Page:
You are here:

Parenting --Teens/teen lying, sneaking around, no remorse

Advertisement


Question
My daughter is 16.  She academically excels & is currently valdictorian of her class.  She is extremely shy and therefore, doesn't go out much & has no experience with boys.  She met a boy online (he is 18) 6 months ago. In the last 6 months she has snuck out 4 times to see him, even gotten in his vehicle and went driving around. I have tried grounding her, but it does nothing.  Tried taking her cell phone and she just borrowed her friend's to contact him.  This last time, she tested positive for marijuana. I have tried explaining the dangers of this behavior, where this will lead her in life, and that all of our rules/consequences are out of our love and concern for her.  She is a smart girl, but has made it clear to me that she is not going to quit seeing him.  Period.  She has no guilt and has yet to apologize once.  I am not getting anywhere with her. Feeling defeated and would love any suggestions.  Thank you so much.

Answer
S,

I can hear the concern and frustration in you email.  As I explain to many parents while you may not be able to control your teenager, as long as you provide food, shelter, money, transportation, etc., you can control their environment. It will be your consistency and ability not to argue or pursued her with reason that will help you through this.

I would start off by telling your daughter that it's true, you cannot control her. She is old enough to make her own choices, but there are consequences in life for each choice she makes and there are consequences in your home for those choices too.  Then set up those consequences. We typically used the TEASPOT in our home (Take Everything Away for Short Period Of Time). This means we remove all privileges (t.v., computer, cell phone, free time) for periods of 1-5 days.  The longest period of TEASPOT, 5 days should be used for failing drug tests, sneaking out, etc. You will need to be consistent and not extend it when she acts like it doesn't bother her. Make sure she knows what the consequences are and that she is in control of whether or not she endure them. Then be consistent with them. Say what you mean and mean what you say.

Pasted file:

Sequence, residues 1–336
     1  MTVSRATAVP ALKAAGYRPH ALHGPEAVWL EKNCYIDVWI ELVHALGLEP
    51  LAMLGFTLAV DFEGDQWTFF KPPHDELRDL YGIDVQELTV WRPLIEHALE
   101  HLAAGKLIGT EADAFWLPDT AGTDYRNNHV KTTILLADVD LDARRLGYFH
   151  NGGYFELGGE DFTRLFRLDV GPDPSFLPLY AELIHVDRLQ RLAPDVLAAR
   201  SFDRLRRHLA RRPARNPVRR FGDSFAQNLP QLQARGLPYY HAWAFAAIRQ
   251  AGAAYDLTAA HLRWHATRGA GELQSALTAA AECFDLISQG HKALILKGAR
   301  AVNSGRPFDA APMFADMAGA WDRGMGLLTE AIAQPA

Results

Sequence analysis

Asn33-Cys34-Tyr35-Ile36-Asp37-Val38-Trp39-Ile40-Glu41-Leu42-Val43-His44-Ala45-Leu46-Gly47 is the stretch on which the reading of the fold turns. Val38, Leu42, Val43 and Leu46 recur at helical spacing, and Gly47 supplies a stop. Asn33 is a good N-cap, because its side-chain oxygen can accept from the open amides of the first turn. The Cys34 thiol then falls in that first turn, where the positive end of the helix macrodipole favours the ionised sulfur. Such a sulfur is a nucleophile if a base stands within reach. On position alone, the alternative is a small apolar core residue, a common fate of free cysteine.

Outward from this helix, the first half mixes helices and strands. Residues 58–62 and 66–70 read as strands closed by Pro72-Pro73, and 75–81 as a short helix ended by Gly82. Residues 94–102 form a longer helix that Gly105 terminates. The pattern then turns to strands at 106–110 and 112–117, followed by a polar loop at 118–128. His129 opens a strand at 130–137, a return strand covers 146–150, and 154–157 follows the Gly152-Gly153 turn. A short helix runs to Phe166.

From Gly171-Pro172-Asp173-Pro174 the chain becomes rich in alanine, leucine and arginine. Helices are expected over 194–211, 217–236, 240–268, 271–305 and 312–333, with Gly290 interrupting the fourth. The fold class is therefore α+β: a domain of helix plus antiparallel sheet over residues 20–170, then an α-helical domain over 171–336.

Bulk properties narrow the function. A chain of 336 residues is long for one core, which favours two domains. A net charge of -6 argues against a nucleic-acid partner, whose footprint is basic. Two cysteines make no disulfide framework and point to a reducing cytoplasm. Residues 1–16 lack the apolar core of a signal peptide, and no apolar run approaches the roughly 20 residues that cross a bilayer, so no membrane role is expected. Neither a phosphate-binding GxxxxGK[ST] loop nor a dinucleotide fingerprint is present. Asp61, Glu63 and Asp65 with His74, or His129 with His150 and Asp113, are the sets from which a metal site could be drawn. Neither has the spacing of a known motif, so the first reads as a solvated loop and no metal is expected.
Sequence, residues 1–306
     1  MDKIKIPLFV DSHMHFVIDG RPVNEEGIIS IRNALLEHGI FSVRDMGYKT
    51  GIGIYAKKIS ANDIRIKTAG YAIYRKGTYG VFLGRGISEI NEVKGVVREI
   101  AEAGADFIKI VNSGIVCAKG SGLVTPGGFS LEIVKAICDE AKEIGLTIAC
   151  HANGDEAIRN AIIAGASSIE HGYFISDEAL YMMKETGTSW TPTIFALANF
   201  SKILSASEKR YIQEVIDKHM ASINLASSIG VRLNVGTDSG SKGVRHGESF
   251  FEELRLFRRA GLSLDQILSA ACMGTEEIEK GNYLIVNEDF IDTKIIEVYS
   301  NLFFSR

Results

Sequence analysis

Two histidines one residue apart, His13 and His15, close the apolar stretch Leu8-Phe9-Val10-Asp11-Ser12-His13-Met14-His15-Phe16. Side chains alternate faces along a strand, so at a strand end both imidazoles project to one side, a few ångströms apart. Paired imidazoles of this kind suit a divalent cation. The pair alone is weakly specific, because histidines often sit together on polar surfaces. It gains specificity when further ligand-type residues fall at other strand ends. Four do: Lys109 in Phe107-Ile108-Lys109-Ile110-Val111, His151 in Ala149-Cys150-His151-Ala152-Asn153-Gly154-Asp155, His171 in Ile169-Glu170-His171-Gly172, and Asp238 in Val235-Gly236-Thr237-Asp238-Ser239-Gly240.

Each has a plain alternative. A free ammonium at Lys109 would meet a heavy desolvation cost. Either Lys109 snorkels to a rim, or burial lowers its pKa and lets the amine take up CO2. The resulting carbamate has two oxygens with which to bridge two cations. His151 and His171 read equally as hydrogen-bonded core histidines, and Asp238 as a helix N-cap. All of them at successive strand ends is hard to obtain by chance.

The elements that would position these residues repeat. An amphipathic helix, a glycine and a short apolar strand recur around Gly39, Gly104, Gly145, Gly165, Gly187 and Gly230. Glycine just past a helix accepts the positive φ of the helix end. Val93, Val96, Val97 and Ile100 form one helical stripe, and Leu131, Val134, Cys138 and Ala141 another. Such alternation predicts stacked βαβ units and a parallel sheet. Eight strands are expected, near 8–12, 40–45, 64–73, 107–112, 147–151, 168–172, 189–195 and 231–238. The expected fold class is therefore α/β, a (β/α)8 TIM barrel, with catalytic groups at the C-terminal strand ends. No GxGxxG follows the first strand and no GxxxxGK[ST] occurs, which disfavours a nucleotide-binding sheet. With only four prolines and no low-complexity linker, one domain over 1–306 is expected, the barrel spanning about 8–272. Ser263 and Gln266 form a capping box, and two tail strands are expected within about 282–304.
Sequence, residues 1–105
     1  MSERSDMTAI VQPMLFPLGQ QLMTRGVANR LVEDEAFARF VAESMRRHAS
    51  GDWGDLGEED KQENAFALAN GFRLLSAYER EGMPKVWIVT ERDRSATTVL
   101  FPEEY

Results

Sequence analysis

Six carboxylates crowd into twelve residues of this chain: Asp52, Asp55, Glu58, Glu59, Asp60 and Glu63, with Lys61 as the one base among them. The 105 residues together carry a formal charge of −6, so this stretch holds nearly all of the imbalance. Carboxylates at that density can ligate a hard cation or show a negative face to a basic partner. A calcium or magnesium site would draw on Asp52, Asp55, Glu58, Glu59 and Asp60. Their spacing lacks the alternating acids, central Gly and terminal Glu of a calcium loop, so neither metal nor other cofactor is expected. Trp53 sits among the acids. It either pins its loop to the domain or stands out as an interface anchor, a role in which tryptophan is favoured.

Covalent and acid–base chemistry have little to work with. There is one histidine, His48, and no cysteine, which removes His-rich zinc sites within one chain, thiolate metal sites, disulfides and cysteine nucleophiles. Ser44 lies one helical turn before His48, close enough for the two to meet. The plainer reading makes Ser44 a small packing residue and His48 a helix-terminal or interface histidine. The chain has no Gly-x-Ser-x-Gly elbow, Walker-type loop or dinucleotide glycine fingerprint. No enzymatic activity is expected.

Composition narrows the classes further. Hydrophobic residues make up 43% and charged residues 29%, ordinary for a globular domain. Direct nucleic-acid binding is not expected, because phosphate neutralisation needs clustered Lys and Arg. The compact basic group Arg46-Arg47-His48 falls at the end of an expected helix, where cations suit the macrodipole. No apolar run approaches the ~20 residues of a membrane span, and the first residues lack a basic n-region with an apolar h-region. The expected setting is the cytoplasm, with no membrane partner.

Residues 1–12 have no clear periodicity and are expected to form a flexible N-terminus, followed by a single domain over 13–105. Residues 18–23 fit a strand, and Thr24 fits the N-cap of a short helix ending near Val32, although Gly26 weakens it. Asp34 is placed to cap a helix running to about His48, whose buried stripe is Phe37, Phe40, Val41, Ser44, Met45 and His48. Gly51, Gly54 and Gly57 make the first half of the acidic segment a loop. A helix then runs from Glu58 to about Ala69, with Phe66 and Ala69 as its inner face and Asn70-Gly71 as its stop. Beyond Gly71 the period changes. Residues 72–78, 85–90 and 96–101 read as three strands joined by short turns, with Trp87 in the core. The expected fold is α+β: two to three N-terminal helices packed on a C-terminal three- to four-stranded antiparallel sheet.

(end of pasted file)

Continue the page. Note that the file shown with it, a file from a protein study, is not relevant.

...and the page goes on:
Also, encourage the relationship, but with a twist. Tell her that it appears that she is really invested in him and you want to help support her, but in order to do that she has to bring him to the house and see him there, supervised, until he has earned trust. Explain that if he cares as much for her as she does him this shouldn't be a problem and he will want to support her. You and I both know, if he is trying to lead her astray, this won't happen and she will begin to see that he is not invested in her or supportive of her. Also explain that marijuana is illegal and when she fails a drug test she is unable to see him or contact him for a week.

I hope this advise is helpful to you. Please let me know if I can be of further assistance.

Parenting --Teens

All Answers


Answers by Expert:


Ask Experts

Volunteer


Penny K

Expertise

I enjoy assisting parents in parenting atypical teenagers that do not respond well to normal parenting techniques. I am able to provide parents with a straight forward behavioral approach that has proved to be successful.

Experience

My husband and I have raised 31 daughters, 29 of our children were foster teens who ranged in age from 11-18. I was a site director for a local group home for adolescent girls, an Executive Director for the Children's Policy Council and the Executive Vice President for a residential treatment facility that specialized in alcohol and drug treatment for adjudicated adolescent males and provided comprehensive assessment to adolescents in the custody of the state. I have been a staff trainer for the Boys Town Model of Care and for the past 10 years I am the lead facilitator for the Parent Project parenting class in my county. In the past 20 years of my career I have assisted over 2000 adolescent youth and their families.

Education/Credentials
Boys Town Behavioral Management Trainer Parent Project Facilitator

©2016 About.com. All rights reserved.